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Stephanie Alexander anticipates a farewell to winter as the bulbs in her garden begin to flourish.


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As this column is of course written in advance, I’m anticipating the stirring in the garden that will mean winter will soon be over. Already there are hyacinths in flower, and bulbs are popping up everywhere. Freesias in the lawn, irises at the foot of the bare crab-apple trees, and narcissus in the front borders. In a week or two the almond tree will flower. I saved several substantial branches of lemon verbena before it had its post-autumnal prune. The stripped leaves have dried beautifully and four or five in a mug of boiling water make an aromatic brew.

I have enjoyed the cold months, though, and have cooked suitably warming dishes. Plenty of leek and potato soup – my leeks, purchased potatoes, and a bit of my own celery for extra interest. Another favourite is an Italian-derived soup that uses arborio rice, again with my leeks, with finely chopped fennel and garlic. I add plenty of grated parmesan, but a salted crumbled duck egg or tiny dried fish would be an interesting variation.

The vegetable garden is not yielding very much at the moment. I still have silverbeet and some lovely spinach, and of course the Tuscan kale. My front borders are edged on one side with growing spears of garlic and on the other with more spinach plants. It’s impossible to have too much spinach. The artichokes are huge but as yet without a sign of a flower bud. I anticipate plenty of sprouting broccoli and some small cauliflowers soon and shall pick the first broad beans in a few weeks. The beetroot and carrots are growing slowly. The ground needs to warm up before the spring peas will sprint ahead. I am scattering my spent coffee grounds around the smaller spinach seedlings to see if they deter the snails. Picking a fresh lemon from the tree early in the morning and inhaling its fragrance is a special moment.

While anticipating my own harvest, it’s an ideal time to appreciate the delights of the farmers’ markets nearby. Early this morning (temperature a crisp eight degrees) I pulled on my beanie and set out to enjoy the bounty from other gardens. I came home with a bag of oranges, leaf chicory, tight artichokes, a beautifully crinkled cabbage, purple carrots and a perfect cauliflower. They were so beautiful lolling together on the kitchen bench that I delayed storing them for an hour to properly admire them.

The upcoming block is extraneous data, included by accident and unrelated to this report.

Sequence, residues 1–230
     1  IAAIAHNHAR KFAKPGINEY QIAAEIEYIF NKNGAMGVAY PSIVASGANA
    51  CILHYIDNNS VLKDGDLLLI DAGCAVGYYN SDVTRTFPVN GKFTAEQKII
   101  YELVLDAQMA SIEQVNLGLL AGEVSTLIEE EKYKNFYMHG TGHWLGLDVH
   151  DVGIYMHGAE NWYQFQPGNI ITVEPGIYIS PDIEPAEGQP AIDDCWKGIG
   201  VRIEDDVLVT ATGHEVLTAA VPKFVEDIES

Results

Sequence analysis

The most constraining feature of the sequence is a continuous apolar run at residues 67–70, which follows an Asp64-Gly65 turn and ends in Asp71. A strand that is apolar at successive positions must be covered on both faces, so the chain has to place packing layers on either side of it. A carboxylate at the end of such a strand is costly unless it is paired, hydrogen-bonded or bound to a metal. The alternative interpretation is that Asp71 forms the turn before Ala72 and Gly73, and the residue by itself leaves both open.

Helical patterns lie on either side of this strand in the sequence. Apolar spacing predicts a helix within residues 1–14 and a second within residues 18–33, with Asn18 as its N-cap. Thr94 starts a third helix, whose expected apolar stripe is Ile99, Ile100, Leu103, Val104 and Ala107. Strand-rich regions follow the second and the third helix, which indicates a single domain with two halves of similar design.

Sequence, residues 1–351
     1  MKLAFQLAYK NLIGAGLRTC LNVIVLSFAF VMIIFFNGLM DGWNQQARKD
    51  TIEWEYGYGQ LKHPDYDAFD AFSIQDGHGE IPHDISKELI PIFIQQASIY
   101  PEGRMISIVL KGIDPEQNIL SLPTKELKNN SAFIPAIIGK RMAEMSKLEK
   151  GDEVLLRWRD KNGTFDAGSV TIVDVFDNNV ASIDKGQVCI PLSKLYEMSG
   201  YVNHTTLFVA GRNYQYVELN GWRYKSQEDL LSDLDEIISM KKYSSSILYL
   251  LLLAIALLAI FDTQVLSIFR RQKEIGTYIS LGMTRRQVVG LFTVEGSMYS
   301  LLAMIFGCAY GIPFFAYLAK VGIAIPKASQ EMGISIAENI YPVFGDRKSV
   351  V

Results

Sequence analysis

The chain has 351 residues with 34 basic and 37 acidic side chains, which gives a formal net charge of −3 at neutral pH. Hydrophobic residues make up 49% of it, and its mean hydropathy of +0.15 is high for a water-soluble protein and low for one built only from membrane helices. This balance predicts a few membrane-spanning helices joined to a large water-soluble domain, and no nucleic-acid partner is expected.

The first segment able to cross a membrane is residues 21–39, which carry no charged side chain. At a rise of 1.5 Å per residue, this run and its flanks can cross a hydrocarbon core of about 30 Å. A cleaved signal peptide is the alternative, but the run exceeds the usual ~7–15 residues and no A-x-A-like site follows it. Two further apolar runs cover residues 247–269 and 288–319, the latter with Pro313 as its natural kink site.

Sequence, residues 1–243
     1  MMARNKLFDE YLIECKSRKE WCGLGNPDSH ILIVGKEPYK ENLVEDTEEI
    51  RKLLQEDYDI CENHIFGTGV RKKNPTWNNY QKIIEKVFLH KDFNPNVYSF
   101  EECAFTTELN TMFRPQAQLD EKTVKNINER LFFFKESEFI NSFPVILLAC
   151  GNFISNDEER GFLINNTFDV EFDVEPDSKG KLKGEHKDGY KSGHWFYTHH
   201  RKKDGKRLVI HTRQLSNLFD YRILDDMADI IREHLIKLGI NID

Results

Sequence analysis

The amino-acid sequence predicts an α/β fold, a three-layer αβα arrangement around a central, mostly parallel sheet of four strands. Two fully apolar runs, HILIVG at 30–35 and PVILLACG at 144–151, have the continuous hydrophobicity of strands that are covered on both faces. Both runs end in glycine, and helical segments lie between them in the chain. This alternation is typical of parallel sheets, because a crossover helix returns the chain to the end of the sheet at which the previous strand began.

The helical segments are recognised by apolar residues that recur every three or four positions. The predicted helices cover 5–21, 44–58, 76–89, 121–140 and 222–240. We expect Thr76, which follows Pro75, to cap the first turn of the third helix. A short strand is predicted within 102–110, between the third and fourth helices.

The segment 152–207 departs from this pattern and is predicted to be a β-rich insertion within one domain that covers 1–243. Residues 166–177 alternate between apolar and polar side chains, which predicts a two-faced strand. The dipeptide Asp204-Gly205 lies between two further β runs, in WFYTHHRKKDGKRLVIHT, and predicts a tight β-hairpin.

My travels over the past few weeks have included a visit to our most remote school, at Punmu in the Pilbara. The Rawa Community School is more than seven hours by road from Port Hedland. About 50 students attend it and they are enthusiastically embracing the kitchen garden program.

The school has built a woodfired pizza oven, and when I was there the students had dug a fire pit on which corn and potatoes were roasted for our celebratory farewell lunch. There’s plenty of artesian water and the newly planted garden was already sprouting beans, cucumbers and pumpkins, and there were substantial crops of garlic and potatoes in the ground. Alongside this were the beginnings of a bush tucker garden, with the local elders advising on seed collection. The pizza lunch was a huge success. The students prepared all the vegetables from fresh food trucked in from Port Hedland (this happens only once a month so the enthusiasm to get their own garden producing is understandable), and they made the dough by hand, rolled and shaped it and had a great time deciding on the toppings. Everyone ate everything.

Next stop was the Flinders Ranges and a quick visit to one of our newest projects at Quorn Area School. The school already has an attractive teaching-kitchen space but the garden construction was just starting. I was impressed to meet a local bobcat operator who was efficiently moving piles of rich soil and red gum sleepers to create the raised beds for the children to plant into.

For a complete contrast I visited the tiny Ungarra Primary School on the Eyre Peninsula. The total student population at the time was 32. Every child participates, from the youngest to the oldest. The school is two years into the program and its garden is extensive and prolific. I toured the fabulous orchard, met the chickens, saw the worm farm and the compost heap, and then went to the kitchen. The class had had a competition to decide on the two best pizzas to make for my visit. The winners were surprising. We had parsnip, carrot and goat’s cheese for one, and yabby, oyster and calamari for the other. It was great to see the six- and seven-year-olds cutting up the vegetables, and the eight- and nine-year-olds shelling the freshly boiled yabbies and “removing the poo” as one little girl told me very seriously.

At Melbourne’s Collingwood College on Saturday 11 August our experts will be holding classes on “the ideal growing environment” and “composting and no-dig beds”, and Longrain’s Martin Boetz will be teaching a class on modern Thai cooking. These classes fill quickly, so anyone interested should go to for more information and to book.

Until next time.


This article is from the August 2012 issue of Australian Gourmet Traveller.

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